Trust me - the IKEA bag is the best bag anyway. Are you carrying the rope separately? Out side your luggage? If so then get a cheap compression strap from an outdoor store $3.99 and be done with it. But I'd suggest just stuffing the rope and bag in your luggage. That's what I do, and I fly with gear all time time.


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By aed
From Jackson, WY
Dec 3, 2012
aed

I've got a Dirtbag that I'll sell for $20 shipped in the lower 48.
It's in good shape, and clean. Red.

PM if interested.


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By Finn the Human
From The Land of Ooo
Dec 3, 2012
Mathematical!

I use the Metolius rope bag, and it packs down super small, especially if you coil the rope inside. If you're in the market for a new rope bag though, I'd check out this one: www.edelrid.de/en/sports/products/bags/caddy.html

I haven't used it, but it seems pretty slick to me.


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By A.Javi.Gecko
From San Diego, CA
Dec 3, 2012
V3, Castle Hill, NZ

Lou C wrote:
Had given this a serious thought. The lack of compression straps turns me off though. Would be clunky to carry around an airport.


I have this Advanced Base Camp model:

www.libertymountain.com/shop/product.asp?p=2700&c=2165

though I don't think I paid $30 for it. If you're travelling, a rope bag is worth it IMO. Bag limits are 20 to 23 kg for most flights nowadays and my rope bag when filled with a 70m rope, shoes, harness, draws, helmet, etc weighed in at 15kg. Because this bag is pretty big and durable, I could fit a bit more stuff into it and just use it as a separate luggage instead of struggling to make bag weight. It made me a BIT nervous exposing my goods to TSA like that but nobody has jacked any of my dirty gear yet. The model I own has plastic buckles for the compression straps and one of them broke, probably because I was trying to fit too much stuff into it, so I'd replace them with some metal cinches. I really like this style:

www.rei.com/product/813688/sea-to-summit-hook-release-access>>>

mostly because the metal wont break and when you're travelling and constantly adjusting your goods, which may be strapped together as "one 23kg bag," its nice to just hook it and pull rather than fiddling the strap through every time or counting on a crappy plastic buckle.

For regular climbing trips, as our fellow MPers have been saying, a rope bag is non-essential. All you really need is a tarp for protection and butterfly powers to carry your rope as a back pack. Alternately you could just keep your rope in a 35L backpack with your gear but depending on your food, water and clothing situation, you might end up with chalk and aluminum on everything. Because my rope bag is approaching 30L when full, I carry that full of gear and a separate 20L daypack for my layers/food/camera/firstaid (when travelling, compressable daypacks rock!). I COULD fit it all into my giant backpacking bag but don't really want to lug around a 70L bag while sport climbing. I will say that this system only works ok, but its a bit cumbersome to wear a pack on your belly AND back on any approach longer than 20 minutes. However, usually you can coordinate with your partner and only have 1 pack and 1 rope bag between the two of you.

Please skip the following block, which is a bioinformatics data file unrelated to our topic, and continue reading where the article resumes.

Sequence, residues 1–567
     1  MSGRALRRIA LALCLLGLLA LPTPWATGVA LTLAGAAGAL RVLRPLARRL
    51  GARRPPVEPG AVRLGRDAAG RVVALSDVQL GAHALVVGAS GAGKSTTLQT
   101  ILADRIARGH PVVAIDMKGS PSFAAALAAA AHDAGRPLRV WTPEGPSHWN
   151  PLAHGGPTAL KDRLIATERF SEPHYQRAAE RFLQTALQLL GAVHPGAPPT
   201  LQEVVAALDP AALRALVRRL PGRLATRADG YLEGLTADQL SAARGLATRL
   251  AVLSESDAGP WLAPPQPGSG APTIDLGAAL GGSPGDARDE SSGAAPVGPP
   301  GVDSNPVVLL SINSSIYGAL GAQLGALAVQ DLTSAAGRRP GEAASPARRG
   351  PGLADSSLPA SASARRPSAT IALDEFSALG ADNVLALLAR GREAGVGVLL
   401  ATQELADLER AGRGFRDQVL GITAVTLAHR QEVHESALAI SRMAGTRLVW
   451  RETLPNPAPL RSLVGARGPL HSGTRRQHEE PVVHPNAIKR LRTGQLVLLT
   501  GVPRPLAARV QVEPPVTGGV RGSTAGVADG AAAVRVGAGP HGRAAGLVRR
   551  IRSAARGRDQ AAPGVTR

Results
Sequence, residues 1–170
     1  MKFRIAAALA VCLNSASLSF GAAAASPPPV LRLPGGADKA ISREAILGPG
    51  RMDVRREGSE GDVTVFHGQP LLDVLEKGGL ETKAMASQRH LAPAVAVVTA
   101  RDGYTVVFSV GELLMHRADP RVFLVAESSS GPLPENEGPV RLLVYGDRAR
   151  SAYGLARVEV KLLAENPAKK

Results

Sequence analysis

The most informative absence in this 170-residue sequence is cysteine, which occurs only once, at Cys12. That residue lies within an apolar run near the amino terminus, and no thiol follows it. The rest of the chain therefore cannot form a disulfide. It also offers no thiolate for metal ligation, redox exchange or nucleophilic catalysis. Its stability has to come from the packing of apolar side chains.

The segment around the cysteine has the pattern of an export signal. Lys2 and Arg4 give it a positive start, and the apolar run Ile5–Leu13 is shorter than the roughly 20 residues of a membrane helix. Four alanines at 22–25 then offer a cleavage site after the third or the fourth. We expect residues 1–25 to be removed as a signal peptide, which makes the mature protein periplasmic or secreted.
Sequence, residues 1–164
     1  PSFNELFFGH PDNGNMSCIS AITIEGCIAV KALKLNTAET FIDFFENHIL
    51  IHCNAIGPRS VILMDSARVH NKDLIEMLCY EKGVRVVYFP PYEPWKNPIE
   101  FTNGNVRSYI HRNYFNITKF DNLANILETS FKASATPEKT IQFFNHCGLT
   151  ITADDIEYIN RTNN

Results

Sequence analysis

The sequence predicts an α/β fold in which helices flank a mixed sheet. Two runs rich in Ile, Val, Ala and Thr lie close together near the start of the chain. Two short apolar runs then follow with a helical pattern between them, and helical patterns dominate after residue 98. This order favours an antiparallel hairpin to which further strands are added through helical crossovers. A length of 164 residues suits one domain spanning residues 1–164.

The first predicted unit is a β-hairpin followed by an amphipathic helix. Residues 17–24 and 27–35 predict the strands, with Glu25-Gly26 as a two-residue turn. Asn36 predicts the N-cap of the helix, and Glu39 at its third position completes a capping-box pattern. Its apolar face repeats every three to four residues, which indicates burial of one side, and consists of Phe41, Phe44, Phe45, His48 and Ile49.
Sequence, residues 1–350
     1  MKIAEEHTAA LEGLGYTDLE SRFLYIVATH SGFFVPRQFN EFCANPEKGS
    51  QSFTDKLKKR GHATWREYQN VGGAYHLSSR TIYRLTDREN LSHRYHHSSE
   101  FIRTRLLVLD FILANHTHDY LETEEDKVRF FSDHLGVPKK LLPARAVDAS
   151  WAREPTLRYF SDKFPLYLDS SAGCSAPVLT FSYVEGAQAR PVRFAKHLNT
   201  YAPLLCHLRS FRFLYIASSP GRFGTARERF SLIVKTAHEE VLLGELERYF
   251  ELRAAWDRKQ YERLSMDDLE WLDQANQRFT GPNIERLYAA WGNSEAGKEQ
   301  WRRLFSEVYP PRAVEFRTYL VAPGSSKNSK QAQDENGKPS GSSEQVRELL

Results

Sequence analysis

When I get back to California and have access to my 40L "cragpack" again, I think I'll still use my rope bag, just not for rope. The rope bag, when full, won't fit in the cragpack (silly, I know but I do often carry too much sh*t). Instead, I'll put clothes/food/water at the bottom of the cragpack and load the rope bag full of my gear on top. This keeps all the dirty stuff compressed and easily accessible, protecting "delicate" things like down jackets and sandwiches from getting mangled. On top of that, I'll butterfly my rope and fold it over the backpack, securing it between the "brain" and main compartment of the bag. This system keeps everything compartmentalized and easy to find and then when I get to the crag, I can just unfold the tarp and start climbing without unpacking the whole shebang. Its also a time saver when packing back up after a day out as you don't have to pull EVERYTHING in you backpack out to get to your climbing stuff.

The bottom line (for me anyway) is while a rope bag with tarp isn't ESSENTIAL, it saves me hassle while climbing and while toting gear across the globe. Hopefully the extra-long explanation added something to the conversation.


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By TomCaldwell
From Clemson, S.C.
Dec 3, 2012
Me on One Pitch Wonder at Whitesides.  Photo credits to Kyle Jones and his lucky anti-rain jacket.

I stopped using a rope bag, and only carry a backpacking poncho. It rains so much in the SE, some sort of rain gear is necessary, especially during the summer. It lays out bigger than most tarps that come with the rope bags out there. If your cragging, you can just grab the four corners of the poncho to lift the poncho with rope in it and carry it to the next climb. I definitely like the versatility of the poncho as a rope bag and don't like having to carry the rope bag on the front of me especially during technical approaches. To carry the rope on the approach in, I just coil it and stuff it in my backpack. The poncho stuffs down smaller than any rope bag I have seen.